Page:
Proving your case is not easy, and this is why it is crucial that you seek the assistance of an experienced The Woodlands relocation lawyer to present a compelling argument to the court. If the judge denies the custodial parent’s request to move and the custodial parent moves anyway, the custodial parent can face severe legal consequences.
What Are Some of the Factors that May Be Considered When a Parent Wishes to Relocate with Their Child?
Prior to approving or denying a request to relocate outside the allowed geographic restrictions, the judge will carefully assess the following factors:
- The reason why the parent with primary custody wants to move
- The reason why the parent with secondary custody is opposed to the move
- The impact the move will potentially have on the quality and quantity of the child’s future contact with the noncustodial parent
- Whether the relocation benefits the child emotionally, socially, and economically
- The ability of the noncustodial parent to exercise their visitation rights in light of the move
- Whether the child agrees to or is against the move and the reason why
- Whether the move is aimed at giving the child access to better schools
- Whether the move is aimed at enabling the parent to secure a better-paying job or get an education that enables them to get a better-paying job, which ultimately benefits the child economically
- Whether the move is to get the child closer to other family members, for example, grandparents
In the event that the judge approves the request to move, they will modify the parenting plan to ensure that the needs and concerns of the non-custodial parent are sufficiently met. The judge may also make modifications to help cover the increased costs the non-custodial parent will incur exercising their visitation rights under the new circumstances.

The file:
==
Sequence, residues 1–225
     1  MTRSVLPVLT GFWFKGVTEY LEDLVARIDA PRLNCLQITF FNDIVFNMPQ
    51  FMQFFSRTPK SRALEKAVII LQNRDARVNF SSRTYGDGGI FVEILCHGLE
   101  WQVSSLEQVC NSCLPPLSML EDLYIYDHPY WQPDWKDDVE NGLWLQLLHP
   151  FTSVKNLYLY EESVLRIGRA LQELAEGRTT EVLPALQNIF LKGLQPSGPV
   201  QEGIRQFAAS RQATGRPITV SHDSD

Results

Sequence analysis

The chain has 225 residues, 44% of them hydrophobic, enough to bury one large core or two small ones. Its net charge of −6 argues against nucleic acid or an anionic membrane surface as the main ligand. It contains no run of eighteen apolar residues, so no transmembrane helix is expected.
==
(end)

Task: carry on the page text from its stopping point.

Do I Need a Relocation Lawyer if I Wish to Move with My Child?
If you are planning a move with your child, you will need to seek the consent of the other parent. However, if they are opposed to the move, you will have a potentially fierce legal battle ahead. And in this case, you will need the best legal representation you can get.
You need an experienced The Woodlands relocation lawyer to represent your rights. You need someone with the ability to effectively present valid and compelling arguments in court on your behalf.
By working with an relocation lawyer who has experience handling Texas parental relocation cases, you will have a better chance of securing an outcome that is favorable to both you and your child.
As passionate as you might be about your children and their welfare, you should not proceed without capable legal representation. Remember, the other parent will also be determined to ensure that the child continues to stay in close proximity to them and will most likely have legal representation.
Get in Touch With an Experienced The Woodlands Relocation Lawyer!
If you are planning on moving with your child, you have certain rights under Texas parental relocation laws. This also applies if you are opposed to your former spouse’s plan to move with your children.
Ensuring that your rights are upheld is never easy especially when you don’t have experience with the law. Relocation is one of the most complex child custody issues and it won’t be in your best interests to go at it alone.
Our Woodlands parental relocation lawyers at Bolton Law has years of experience handling parental relocation cases and they are prepared to help fight for your rights and ensure the best outcome for you and your child. We offer quality and effective personalized service to all our clients. Our reputation precedes us.
Call our offices in The Woodlands today at 281-351-7897 to schedule a consultation with a Woodlands relocation lawyer.